As I say and say again, I believe that it is true that in the case of most people, the modernisation processes inherent in industrialist processes give people their sense of ‘identity’ — but only so long as they are willing to submit to such instrumentalisation. (This is what I have previously referred to as the “Westernisation” of culture — this acquiescence to an identity within the industrial machine’s system of processes. It is also what I have termed previously the sense of identity being not organic or experiential, but rather mechanistically furnished and ‘a priori’).
One can, however, resist the acquisition of an industrial style identity — one without history but equipped with the facilitiy of denial concerning self insights; in particular, the way in which experiences have twisted and contorted one’s sense of the world in ways unique, profoundly personal, and incredibly complex.
The acquisition of an industrial identity is a clean slate, which effectively erases the person that one had been when one was a youth. The economic system of industrialism seem to require a fundamental transition from one state of mind — from actually experiencing one’s self as a centre for open possiblities, all things being rendered new in the moment that one experiences them — to the state of mind where one has “forgotten” the experiences that once came to one through having had an open attitude to life. At once, one has become a clean slate. One has been furnished with an identity, arrived freshly out of the box for the one that it will seek to ‘clothe’ (and thereby effectively erase). The new identity is one of industrialism’s manufactured intellectual forms. One then is in the position to “become” some thing: the job; a position in the system; in some senses, a vocation (this, a possibility remaining in our minds, from a preindustrial past).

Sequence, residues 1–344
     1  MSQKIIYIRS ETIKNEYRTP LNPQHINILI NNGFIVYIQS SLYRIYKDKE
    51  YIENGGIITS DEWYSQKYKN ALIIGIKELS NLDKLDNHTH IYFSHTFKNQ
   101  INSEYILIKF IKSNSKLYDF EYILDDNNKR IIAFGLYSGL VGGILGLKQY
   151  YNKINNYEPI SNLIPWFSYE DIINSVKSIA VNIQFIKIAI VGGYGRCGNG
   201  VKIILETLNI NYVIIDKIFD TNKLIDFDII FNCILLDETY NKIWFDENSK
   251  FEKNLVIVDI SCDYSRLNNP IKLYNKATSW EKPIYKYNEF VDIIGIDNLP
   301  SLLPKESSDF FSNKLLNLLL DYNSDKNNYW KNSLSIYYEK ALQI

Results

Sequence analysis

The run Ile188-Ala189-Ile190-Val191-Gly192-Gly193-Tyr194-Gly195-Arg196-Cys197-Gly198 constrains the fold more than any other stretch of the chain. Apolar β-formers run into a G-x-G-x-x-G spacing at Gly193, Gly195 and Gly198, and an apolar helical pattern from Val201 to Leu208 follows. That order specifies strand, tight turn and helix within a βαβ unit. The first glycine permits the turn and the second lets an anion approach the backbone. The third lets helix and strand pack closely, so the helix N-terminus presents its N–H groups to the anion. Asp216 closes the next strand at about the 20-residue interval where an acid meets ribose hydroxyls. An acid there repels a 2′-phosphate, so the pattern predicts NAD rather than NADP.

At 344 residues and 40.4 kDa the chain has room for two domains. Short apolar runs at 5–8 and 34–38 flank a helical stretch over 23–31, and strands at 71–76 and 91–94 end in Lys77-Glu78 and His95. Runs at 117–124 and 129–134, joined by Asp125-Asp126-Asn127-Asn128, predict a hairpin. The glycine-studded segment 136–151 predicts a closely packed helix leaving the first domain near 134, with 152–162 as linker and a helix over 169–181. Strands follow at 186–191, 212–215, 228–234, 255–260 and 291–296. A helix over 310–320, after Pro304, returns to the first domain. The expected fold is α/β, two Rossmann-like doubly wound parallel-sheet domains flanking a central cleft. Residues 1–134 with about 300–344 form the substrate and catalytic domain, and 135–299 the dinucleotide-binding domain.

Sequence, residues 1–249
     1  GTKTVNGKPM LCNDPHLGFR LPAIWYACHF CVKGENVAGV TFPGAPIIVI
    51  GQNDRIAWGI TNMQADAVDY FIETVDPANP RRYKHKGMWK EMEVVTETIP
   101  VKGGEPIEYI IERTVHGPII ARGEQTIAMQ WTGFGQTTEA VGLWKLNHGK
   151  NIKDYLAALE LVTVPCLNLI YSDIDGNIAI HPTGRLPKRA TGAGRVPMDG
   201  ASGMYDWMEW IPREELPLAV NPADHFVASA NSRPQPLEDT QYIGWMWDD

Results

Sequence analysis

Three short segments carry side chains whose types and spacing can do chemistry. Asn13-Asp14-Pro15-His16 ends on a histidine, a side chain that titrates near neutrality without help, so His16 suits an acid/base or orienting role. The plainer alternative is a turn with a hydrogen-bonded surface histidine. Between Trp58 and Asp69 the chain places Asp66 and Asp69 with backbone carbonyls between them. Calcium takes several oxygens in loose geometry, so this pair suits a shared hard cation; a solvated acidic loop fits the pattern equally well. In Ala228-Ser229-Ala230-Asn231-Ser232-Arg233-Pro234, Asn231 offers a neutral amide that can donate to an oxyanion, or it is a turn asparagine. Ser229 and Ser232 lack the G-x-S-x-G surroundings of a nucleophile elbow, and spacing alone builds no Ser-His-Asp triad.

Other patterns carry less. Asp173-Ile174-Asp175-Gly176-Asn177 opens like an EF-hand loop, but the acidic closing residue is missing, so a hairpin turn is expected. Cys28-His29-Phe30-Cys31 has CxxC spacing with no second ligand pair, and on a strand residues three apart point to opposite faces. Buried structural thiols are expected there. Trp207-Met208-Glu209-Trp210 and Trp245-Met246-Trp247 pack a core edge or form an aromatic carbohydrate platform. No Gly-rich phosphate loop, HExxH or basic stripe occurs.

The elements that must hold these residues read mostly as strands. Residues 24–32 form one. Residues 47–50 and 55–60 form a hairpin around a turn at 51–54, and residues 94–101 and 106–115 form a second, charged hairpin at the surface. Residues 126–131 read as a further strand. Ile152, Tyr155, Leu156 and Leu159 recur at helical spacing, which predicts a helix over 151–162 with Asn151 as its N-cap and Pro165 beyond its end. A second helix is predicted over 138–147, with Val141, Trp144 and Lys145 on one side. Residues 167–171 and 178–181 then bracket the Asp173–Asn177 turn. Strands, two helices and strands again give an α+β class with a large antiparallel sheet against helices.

An excerpt from “A shred of Identity” (by Marechera):
The dustman shrugs, hurls his concrete burden
Into factory hand adjusts the zip of his overalls
And without care awaits his Call – factory’s siren;
The milkman cycles his round; the soldier
Kisses his girl hurries to carry out orders.
They all seem to know their own selves
While I like a madman continue to decipher
The print on a shred of blank paper
The print that is to become the poem behind the poem.
p 99 Cemetery of Mind
—And the poem behind the poem? — In Marechera’s poetry this is always his autobiographical self.